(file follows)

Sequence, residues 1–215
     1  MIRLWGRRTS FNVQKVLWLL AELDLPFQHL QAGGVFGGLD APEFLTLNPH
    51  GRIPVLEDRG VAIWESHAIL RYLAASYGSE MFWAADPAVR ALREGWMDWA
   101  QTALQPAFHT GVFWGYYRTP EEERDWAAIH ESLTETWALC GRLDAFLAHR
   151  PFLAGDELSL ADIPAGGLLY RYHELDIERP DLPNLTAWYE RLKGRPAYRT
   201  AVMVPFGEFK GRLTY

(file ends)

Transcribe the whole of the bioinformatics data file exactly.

Sequence, residues 1–215
     1  MIRLWGRRTS FNVQKVLWLL AELDLPFQHL QAGGVFGGLD APEFLTLNPH
    51  GRIPVLEDRG VAIWESHAIL RYLAASYGSE MFWAADPAVR ALREGWMDWA
   101  QTALQPAFHT GVFWGYYRTP EEERDWAAIH ESLTETWALC GRLDAFLAHR
   151  PFLAGDELSL ADIPAGGLLY RYHELDIERP DLPNLTAWYE RLKGRPAYRT
   201  AVMVPFGEFK GRLTY